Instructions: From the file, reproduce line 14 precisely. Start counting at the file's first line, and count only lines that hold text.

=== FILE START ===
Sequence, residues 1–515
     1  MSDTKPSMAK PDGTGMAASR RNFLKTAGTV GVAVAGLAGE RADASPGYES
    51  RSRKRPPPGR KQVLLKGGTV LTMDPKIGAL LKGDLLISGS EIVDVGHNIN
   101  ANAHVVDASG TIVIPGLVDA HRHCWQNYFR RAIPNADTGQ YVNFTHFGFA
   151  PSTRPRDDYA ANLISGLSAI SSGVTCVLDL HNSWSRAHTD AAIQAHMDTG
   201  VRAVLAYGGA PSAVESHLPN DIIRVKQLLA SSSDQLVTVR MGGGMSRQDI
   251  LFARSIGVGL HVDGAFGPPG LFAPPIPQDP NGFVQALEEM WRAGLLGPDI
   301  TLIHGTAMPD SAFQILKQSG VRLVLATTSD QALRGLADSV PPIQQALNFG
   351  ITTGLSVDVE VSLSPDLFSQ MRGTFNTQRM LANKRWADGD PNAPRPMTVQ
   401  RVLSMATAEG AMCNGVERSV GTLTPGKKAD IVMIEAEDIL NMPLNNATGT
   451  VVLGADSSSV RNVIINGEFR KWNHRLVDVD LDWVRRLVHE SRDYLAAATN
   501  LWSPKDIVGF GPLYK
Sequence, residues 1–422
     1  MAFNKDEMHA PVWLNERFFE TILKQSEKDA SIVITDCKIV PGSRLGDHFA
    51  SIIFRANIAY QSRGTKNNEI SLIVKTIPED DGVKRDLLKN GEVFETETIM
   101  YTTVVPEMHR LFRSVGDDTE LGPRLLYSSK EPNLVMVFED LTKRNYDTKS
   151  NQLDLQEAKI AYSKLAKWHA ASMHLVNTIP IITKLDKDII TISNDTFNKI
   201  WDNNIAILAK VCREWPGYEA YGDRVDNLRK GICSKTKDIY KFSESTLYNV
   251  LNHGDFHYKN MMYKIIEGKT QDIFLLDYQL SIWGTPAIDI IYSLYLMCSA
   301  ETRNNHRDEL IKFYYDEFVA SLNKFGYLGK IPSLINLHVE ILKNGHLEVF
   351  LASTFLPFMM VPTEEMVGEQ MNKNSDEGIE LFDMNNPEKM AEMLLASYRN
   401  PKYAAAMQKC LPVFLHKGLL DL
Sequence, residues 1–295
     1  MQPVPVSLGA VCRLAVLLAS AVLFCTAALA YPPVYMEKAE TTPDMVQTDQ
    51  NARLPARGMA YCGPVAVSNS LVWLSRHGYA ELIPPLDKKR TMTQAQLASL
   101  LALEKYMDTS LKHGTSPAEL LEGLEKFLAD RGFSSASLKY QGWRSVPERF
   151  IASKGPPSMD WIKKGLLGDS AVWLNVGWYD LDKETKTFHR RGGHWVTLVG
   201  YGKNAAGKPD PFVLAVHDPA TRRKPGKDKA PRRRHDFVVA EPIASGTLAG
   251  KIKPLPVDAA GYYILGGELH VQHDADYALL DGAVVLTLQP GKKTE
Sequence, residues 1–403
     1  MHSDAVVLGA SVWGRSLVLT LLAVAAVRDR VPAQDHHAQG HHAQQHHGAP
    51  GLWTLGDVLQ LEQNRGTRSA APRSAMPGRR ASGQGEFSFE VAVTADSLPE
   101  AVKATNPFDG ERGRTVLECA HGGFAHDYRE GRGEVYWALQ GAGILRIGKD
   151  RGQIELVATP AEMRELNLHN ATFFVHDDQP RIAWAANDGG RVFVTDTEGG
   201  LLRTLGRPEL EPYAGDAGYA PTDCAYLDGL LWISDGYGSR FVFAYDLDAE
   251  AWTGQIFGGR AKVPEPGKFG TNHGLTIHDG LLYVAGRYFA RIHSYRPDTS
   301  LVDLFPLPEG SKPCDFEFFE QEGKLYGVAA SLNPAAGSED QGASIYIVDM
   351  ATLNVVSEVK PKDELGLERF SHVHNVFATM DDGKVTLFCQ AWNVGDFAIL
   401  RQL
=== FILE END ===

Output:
     1  MAFNKDEMHA PVWLNERFFE TILKQSEKDA SIVITDCKIV PGSRLGDHFA